Oh dear .... am I preparing to preach this morning, or am I merely feeding my own soul? It's a dilemma, which sometimes appears to cripple some people. Hopefully, I've never been one of those, of whom there seem to be many to my ears, who suggest:
preparing what to share as a result of dwelling in God's word (sermon preparation) does not somehow count if you find yourself refreshed, challenged, fed, whatever, in the process.

Of course, if the only time you ever hear God is as a result of reading and reflecting on the Bible, as a result of being there for the sake of others, it's an indication of a problem. However, don't knock it too much. I've worked for over ten years now primarily in the arena of other Christian leaders and I've learnt a couple of things:

1.  The weekly discipline, which I no longer have, of needing to prepare to speak is both a huge privilege and benefit to the nurturing of the mind of Christ in me. Sermon preparation has to be a habit in local Ministry, but it's not a bad habit. Speaking out what you've had to dig into and reflect upon, is a privilege most people don't have. Not simply privilege, however, but luxury. We're in a place currently where people, like me, are emphasising the need to transition into a missional way of being. I know people easily hear this message as implying 'mission' (doing stuff) is paramount and 'worship' (being stuff) is secondary, or even optional. Listen again please. What God has joined together ....... Preparation can nudge us another notch around the reflection-action cycle, we can escape, if like me, you don't have to do this. It's no guarantee your pastor this morning is standing up embodying all he/she preaches, but it increases the likelihood because God speaks to whoever listens, even of they happen to be a hard-pressed Pastor, frantically getting ready for Sunday!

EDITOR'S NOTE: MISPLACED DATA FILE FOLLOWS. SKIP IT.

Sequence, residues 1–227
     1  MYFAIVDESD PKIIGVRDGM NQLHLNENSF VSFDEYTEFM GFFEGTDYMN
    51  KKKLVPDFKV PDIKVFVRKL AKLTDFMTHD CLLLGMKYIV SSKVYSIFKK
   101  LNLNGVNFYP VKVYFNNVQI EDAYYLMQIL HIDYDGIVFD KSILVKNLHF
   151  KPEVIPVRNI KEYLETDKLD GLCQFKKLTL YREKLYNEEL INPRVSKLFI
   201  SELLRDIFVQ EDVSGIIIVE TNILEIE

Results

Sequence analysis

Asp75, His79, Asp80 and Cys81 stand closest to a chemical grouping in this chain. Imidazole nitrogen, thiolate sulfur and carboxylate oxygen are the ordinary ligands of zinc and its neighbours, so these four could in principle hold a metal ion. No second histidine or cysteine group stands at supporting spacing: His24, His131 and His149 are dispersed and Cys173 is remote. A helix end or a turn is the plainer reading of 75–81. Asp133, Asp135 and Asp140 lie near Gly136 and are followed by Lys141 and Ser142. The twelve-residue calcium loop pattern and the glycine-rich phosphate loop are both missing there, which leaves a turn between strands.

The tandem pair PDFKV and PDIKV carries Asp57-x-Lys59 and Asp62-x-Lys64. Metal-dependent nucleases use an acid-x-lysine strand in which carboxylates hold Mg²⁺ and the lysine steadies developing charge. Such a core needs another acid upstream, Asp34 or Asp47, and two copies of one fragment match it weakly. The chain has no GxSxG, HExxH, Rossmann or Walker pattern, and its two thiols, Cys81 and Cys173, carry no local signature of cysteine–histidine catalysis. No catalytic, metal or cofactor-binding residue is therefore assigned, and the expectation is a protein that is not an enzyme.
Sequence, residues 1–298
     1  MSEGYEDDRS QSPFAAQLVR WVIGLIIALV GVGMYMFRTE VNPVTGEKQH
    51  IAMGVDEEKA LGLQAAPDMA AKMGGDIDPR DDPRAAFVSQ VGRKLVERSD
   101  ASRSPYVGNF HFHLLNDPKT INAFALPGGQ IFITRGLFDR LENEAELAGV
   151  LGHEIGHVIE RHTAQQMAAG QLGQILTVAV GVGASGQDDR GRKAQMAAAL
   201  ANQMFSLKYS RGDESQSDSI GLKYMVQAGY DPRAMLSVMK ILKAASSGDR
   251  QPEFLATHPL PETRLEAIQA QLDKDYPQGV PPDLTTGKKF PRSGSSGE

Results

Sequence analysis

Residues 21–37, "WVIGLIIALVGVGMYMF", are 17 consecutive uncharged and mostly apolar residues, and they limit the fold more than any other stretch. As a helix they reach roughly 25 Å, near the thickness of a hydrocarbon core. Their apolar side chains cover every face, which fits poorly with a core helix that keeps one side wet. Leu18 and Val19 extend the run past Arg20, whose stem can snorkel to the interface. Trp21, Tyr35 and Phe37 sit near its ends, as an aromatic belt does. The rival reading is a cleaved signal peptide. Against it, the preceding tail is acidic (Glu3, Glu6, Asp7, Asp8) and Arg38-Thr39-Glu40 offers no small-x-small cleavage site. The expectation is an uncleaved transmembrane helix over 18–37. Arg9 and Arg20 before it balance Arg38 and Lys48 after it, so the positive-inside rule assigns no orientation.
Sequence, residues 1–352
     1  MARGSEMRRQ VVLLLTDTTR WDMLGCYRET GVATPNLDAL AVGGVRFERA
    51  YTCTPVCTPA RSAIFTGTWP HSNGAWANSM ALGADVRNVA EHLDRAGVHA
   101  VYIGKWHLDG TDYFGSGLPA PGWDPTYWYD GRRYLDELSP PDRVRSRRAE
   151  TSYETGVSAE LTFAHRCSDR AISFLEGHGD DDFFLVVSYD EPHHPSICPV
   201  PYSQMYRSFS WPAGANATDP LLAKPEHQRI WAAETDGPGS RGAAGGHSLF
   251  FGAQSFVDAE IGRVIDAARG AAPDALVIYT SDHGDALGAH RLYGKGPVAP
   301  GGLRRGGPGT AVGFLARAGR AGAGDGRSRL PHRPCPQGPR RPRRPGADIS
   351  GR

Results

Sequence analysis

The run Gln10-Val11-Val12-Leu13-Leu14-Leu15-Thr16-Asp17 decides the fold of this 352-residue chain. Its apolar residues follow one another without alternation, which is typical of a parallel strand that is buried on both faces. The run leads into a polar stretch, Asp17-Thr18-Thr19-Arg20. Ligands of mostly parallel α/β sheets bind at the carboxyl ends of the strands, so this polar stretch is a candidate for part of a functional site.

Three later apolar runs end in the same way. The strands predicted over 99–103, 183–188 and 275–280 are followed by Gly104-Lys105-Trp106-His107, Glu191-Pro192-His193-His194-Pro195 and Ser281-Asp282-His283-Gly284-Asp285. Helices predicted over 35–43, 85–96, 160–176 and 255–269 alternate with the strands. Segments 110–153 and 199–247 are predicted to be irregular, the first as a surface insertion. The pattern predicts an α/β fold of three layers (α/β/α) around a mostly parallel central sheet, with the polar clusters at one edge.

2.  If weekly serious, lengthy, reflection on the word of God takes place in the life of an average disciple of Christ in the UK Church today, who is not there for the sake of others, it's more unusual than normal. I'm now like everyone else out there sitting before you in the chairs, which seemed a great idea to buy cheap at the time. I read my bible, but I know what a challenge it is when you have to do it to prepare. I read my bible, but I know what it's like to do it to tick the box for the day in hand. I read my bible, because I want to be able to answer the next person, or my mentor, 'what are you reading, or hearing from God'? I read my bible, but most times, serious reflection happens in the car, apart from the 'moment' and can feel it doesn't count. Remember, for most people the privilege of having somebody open up God's word, to take them on a journey to the centre of their being before God, to draw questions up from the recesses of their heart where they might find God in the answering in their own lives, all these things are the privilege of listeners to someone who's done business before God in the previous week. Please, please, if you're responsible for this privilege in any way, don't short-change them by coming up with a downloaded from someone else, Americanised, sermon, which has by-passed your brain (but more especially your heart). Please, please, don't put them into groups to ask an irrelevant, useless question and think you're helping people learn and reflect deeply on their place before God. I've suffered some of these: they make people groan, they turn people off, they leave seekers for truth unsatisfied, but I would say that, I believe in preaching.

Now, off to Corsham .... am I prepared?

Tuesday, 1 November 2011

UWE now coffee ....

I'm consulting....
I've just been to a meeting at UWE (University of the West of England). Basically, I'm a Trustee of The Octagon, which is the chaplaincy building int he heart of a once avowedly secular University, or Polytechnic as it was then.
UWE are part way into a grand £250m master plan, having purchased another 70+ acres from HP, which will ultimately bring much of their operation on one campus, hopefully including Bristol Rovers and Rugby stadium. So, a reasonably large and exciting project.
The Octagon building could be a fly in the ointment - it really needs to be pulled down to make way for one of any number of new buildings. 30,000 students and a projected 3000+ living on campus, a chunk of which will be international students living there throughout the year and not simply during term time, so a 24/7 'village' is being created.
So, how do we engage as Christians in this multi-faith-cultural-environment?
Do we aim for a similar amount of dedicated 'space' int he new build? How do we try to ensure a Christian engagement for future generations of students? (You'll realise this is a tricky question in the present environment). How do we relate to the other faith communities? etc.
Answers, or offers of help, on a postcard please!
Seriously, feel free to contact via if you'd rather not leave public comments.
The good news is the next meeting is in Porto Lounge, one of my favourite coffee haunts, now a growing chain, which began here in Bristol.